The Buy America analysis begins with identification of the end product being procured. From that determination flows the discussion of which items are components and which are subcomponents and whether the procurement is governed by the general requirements found at 49 CFR 661.5 or the rolling stock requirements found at 49 CFR 661.11. An end product is “any item * * * that is to be acquired by a grantee, as specified in the overall project contract.” 49 CFR 661.11(s). If a grantee is procuring a new rail car, the car is the end product and the traction motor would be a component of the end product. If that same grantee procures a replacement traction motor for an existing rail car, then the traction motor would be the end product for purposes of Buy America analysis.

The regulation does not require which components be of U.S. origin, only that more than 60 percent of their aggregate cost derive from domestically produced components. The manufacturer determines which costs will be used to reach that required threshold. The “Dear Colleague” letter is consistent with this premise.

The above-referenced “Dear Colleague” letter reads as follows:

March 30, 2001.

Dear Colleague:

Under the relevant Buy America requirements, when procuring rolling stock under 49 U.S.C. Chapter 53, the cost of the components and subcomponents produced in the United States must be at least 60 percent of the cost of all components of the rolling stock. In addition, final assembly of the rolling stock must occur in the United States. 49 U.S.C. 5323(j)(2)(C). Under the regulations, a component is considered of domestic origin if the total cost of its subcomponents meets the 60 percent domestic content requirement mandated by law, and the component is manufactured in the United States. 49 CFR 661.11(g).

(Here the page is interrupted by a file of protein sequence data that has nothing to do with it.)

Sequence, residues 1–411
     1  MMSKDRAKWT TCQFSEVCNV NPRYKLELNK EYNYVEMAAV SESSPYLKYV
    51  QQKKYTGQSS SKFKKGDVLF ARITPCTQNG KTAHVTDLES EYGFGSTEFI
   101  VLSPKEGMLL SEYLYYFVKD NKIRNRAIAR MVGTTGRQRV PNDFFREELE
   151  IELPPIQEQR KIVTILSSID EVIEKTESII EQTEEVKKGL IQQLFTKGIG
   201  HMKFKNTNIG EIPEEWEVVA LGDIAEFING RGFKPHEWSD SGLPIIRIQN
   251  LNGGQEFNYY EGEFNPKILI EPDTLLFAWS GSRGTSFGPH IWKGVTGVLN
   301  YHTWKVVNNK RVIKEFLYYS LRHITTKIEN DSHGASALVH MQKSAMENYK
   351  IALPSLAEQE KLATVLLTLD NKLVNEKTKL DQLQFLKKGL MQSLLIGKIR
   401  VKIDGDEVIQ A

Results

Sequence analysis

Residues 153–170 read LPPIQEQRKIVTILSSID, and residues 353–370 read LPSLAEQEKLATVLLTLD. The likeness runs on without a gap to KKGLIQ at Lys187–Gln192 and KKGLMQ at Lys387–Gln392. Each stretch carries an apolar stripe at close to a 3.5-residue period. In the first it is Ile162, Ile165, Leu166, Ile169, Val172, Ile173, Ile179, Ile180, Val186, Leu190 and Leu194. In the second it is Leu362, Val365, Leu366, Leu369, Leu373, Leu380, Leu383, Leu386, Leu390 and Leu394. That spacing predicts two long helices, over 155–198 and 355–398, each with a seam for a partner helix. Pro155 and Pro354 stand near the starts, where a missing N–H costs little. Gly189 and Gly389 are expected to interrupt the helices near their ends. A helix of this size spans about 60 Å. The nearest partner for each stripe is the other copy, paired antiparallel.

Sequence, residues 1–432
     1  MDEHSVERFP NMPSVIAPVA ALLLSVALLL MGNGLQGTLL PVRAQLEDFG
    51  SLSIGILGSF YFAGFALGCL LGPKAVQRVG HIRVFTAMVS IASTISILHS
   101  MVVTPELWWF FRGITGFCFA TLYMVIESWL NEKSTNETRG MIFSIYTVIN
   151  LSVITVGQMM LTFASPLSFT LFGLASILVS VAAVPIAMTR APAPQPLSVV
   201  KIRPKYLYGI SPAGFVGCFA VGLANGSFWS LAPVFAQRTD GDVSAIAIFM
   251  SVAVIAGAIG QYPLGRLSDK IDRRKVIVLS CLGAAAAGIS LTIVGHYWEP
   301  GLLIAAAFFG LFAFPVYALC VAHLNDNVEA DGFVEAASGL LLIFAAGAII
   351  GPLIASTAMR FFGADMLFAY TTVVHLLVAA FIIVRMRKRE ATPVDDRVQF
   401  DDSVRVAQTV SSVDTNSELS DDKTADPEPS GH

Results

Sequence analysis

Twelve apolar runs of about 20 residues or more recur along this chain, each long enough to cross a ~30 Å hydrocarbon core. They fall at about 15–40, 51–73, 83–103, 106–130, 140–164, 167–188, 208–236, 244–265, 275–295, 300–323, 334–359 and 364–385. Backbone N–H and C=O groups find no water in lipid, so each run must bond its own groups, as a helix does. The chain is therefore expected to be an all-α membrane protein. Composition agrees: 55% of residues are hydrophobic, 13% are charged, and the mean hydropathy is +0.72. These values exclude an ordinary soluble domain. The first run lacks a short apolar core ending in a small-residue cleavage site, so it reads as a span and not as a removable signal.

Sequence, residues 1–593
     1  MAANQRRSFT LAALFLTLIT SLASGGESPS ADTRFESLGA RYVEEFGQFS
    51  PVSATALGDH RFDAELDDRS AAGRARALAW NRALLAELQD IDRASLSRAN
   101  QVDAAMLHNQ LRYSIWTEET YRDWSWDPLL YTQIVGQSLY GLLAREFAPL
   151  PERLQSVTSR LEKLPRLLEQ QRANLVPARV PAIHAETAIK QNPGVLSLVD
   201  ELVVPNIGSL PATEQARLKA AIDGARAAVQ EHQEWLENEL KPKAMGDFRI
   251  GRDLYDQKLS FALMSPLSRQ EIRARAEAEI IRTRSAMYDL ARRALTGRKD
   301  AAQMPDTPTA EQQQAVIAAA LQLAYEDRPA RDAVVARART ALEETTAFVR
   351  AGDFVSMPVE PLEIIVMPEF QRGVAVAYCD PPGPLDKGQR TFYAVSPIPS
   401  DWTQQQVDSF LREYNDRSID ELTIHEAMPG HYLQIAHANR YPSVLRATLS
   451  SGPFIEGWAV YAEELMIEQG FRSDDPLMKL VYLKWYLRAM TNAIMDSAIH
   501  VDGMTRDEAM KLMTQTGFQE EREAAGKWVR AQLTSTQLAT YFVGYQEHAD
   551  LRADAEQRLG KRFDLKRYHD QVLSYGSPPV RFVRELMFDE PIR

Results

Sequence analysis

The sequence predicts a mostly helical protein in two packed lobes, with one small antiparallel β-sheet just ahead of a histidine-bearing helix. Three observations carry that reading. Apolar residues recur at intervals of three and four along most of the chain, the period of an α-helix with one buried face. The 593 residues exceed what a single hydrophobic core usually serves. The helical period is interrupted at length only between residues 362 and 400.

To assist grantees with the distinction between the terms “component” and “subcomponent” in the context of rolling stock procurements, the Federal Transit Administration included as appendices to its Buy America regulations, the lists of major components identified by Congress in its committee report accompanying the Surface Transportation and Uniform Relocation Assistance Act of 1987 (STURAA), Pub. L. 97-424. H.R. CONF. REP. 100-27. For example, included in the list of major components of rail rolling stock are traction motors, propulsion gearboxes, acceleration and braking resistors, and propulsion controls. Consequently, the domestic content value of the subcomponents for these components, or any other elements that may be considered components of rolling stock, must be more than 60 percent, and the component must be manufactured in the United States in order to satisfy the Buy America requirements.

In summary, all items included in the list of major components at 49 CFR 661.11, App. B and C, should be considered components, not subcomponents, for the purposes of calculating domestic content for rolling stock procurements.

If you have any questions, please contact our Office of Chief Counsel at (202) 366-4011.


Hiram J. Walker,

Acting Deputy Administrator.

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Issued on: June 11, 2001.

Hiram J. Walker,

Acting Deputy Administrator, Federal Transit Administration.

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[FR Doc. 01-15023 Filed 6-13-01; 8:45 am]